Trotsky rejected the idea that confused reformists or simple rank and file movements, however militant, are politically capable of preserving the independence of the unions from the control of the bourgeois state and its agents:

“As a matter of fact, the independence of trade unions in the class sense, in their relations to the bourgeois state can, in the present conditions, be assured only by a completely revolutionary leadership, that is, the leadership of the Fourth International. This leadership, naturally, must and can be rational and assure the unions the maximum of democracy conceivable under the present concrete conditions. But without the political leadership of the Fourth International the independence of the trade unions is impossible.”

Hicks is no Fourth Internationalist and can therefore hardly be expected to act or speak as one. In the final analysis, only revolutionary leadership can consistently uphold the fundamental principles of workers’ democracy and maintain class independence from the bosses and their state apparatus. Hicks’s record perfectly illustrates the validity of Trotsky’s insight—and reveals that despite his tactical militancy, Hicks is, in the end, only a reformist.

While he is celebrated by many on the left for his declared opposition to the anti-union laws, there is a tendency to downplay the fact that in 2008 Hicks went to the Certification Office for Trade Unions and Employers’ Associations to force an election for general secretary of the Amicus wing of Unite. The Certification Officer is an essential element of the web of state control of the unions. Appealing to this office is equivalent to calling in ACAS during a strike or taking the union to the bosses’ court. Whatever short-term advantage may be gained, any appeal that involves state authorities meddling in the internal affairs of the unions can only serve to undermine the interests of the working class in the long run. But Hicks understands none of this and sees nothing wrong with what he did.

Hicks adopts a similarly “pragmatic” attitude to the question of affiliation to Labour, despite his criticisms of their record of maintaining all the Tory anti-union legislation during their 13 years in office. In an article in The Socialist in August [2010], he said:

“Another reason for not supporting me is that I am not calling for disaffiliation from the Labour Party.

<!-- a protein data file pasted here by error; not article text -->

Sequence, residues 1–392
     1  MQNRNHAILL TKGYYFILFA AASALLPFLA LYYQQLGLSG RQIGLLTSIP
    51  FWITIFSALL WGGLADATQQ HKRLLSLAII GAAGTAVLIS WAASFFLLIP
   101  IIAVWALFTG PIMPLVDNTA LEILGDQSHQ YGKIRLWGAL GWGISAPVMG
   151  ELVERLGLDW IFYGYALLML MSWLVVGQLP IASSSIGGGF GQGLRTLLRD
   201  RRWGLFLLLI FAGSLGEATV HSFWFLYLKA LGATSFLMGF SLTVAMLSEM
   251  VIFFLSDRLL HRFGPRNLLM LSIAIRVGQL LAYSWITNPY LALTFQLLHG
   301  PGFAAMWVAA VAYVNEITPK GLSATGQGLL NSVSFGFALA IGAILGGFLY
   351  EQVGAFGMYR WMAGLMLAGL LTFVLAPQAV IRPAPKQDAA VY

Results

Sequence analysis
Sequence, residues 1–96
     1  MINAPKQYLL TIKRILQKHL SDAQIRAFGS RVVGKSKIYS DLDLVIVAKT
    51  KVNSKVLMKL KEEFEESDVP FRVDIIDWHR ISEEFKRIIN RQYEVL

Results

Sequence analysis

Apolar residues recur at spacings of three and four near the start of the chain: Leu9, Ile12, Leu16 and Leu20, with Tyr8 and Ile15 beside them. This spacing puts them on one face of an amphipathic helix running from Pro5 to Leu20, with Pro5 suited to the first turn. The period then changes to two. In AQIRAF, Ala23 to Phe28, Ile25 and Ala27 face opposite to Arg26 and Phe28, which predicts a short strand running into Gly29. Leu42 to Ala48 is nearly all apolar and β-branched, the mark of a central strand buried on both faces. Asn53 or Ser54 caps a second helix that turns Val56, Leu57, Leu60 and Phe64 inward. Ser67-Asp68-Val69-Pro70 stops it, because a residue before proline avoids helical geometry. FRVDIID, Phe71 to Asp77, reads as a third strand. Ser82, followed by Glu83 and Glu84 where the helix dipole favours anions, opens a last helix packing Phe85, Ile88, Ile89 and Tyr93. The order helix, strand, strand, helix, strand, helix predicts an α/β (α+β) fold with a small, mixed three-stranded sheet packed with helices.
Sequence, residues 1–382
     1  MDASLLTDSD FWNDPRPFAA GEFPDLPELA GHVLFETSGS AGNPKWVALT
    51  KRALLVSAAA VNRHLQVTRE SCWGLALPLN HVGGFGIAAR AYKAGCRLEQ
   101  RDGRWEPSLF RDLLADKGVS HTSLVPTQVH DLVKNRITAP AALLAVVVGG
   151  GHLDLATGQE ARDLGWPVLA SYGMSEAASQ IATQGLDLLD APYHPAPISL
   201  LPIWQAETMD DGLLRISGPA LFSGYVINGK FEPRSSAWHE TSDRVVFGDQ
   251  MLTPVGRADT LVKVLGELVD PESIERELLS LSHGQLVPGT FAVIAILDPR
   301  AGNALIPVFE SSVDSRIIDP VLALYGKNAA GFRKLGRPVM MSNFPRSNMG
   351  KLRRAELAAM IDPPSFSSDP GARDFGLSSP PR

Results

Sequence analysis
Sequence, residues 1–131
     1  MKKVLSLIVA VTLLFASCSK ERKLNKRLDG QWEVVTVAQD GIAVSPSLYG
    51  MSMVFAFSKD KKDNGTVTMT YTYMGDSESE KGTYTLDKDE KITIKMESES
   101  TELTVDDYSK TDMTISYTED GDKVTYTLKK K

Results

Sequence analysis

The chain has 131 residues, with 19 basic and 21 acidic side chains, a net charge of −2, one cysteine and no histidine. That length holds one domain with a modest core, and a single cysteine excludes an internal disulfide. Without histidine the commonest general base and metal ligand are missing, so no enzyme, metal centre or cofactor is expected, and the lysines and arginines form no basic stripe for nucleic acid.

“True I don’t, but I do say we should only back those MPs and councillors who support our union’s policies, ending the close and cosy relationship between Unite and the Labour Party.”

What exactly does “support our union’s policies” mean? Notwithstanding the occasional abstract call for repeal of the anti-union laws, everyone knows that Labour MPs and councillors who are actually prepared to stand up in support of those who “illegally” defy those laws are virtually non-existent. Why did Hicks endorse Diane Abbott for the Labour leadership when she consistently ducked the issue of union-bashing? When Workers Power “asked her campaign office on 17 June if she was in favour of repealing Britain’s anti-union laws, they were unable to answer the question!” (Workers Power, Summer 2010). Does Hicks count this as “support” for unions?

If Hicks seriously intended to “end the close and cosy relationship” with those who won’t defend workers’ rights, he would be advocating cutting political ties and funding for the Labour Party—that is, disaffiliation. Instead, he prefers to pose the question in terms of support for individual MPs. In an interview with Workers Power in October [2010], Hicks said:

“I believe we should keep our members’ money in a clenched fist until the Labour leaders prove to us by deed that they will carry out the policies of the union. The first test will come in a few short weeks when left-wing Labour MP, John McDonnell, has a Private Member’s Bill that attempts to get rid of the challenges to union strike ballots based on technicalities [as seen earlier in the year with the British Airways strike and RMT ballot]. Any Labour MP who didn’t vote for that would immediately lose all financial support if I became general secretary.”

This sounds tough, but what does it mean? For the “first test” on 22 October [2010], only 89 Labour MPs turned up to support McDonnell’s extremely timid bill. How does Hicks propose to ensure that those who didn’t vote for the bill “immediately lose all financial support” when Unite’s affiliation fees go to the party as a whole? In 2009 payments from Unite to Labour totalled 3.6 million pounds. The only way to keep this money in a “clenched fist” is through disaffiliation, and if it were actually withheld that would quickly put the viability of continued affiliation on the agenda. Hicks’s refusal to advocate disaffiliation means that he is not serious about a political break with the Labour traitors.

There is an obvious contradiction posed for trade-union leaders who are tied to the Labour machine and who also seek to defend the rights of their members. Labour would itself be leading the attack on the unions and slashing jobs and benefits if it were still in office. When the Con-Dem coalition announced plans to cut 490,000 public-sector jobs, Labour effectively agreed that three-quarters of those jobs would have to go. Serious resistance to this massive attack will automatically pose the issue of shredding the anti-union straightjacket fashioned over the past three decades, supported by Labour to this day.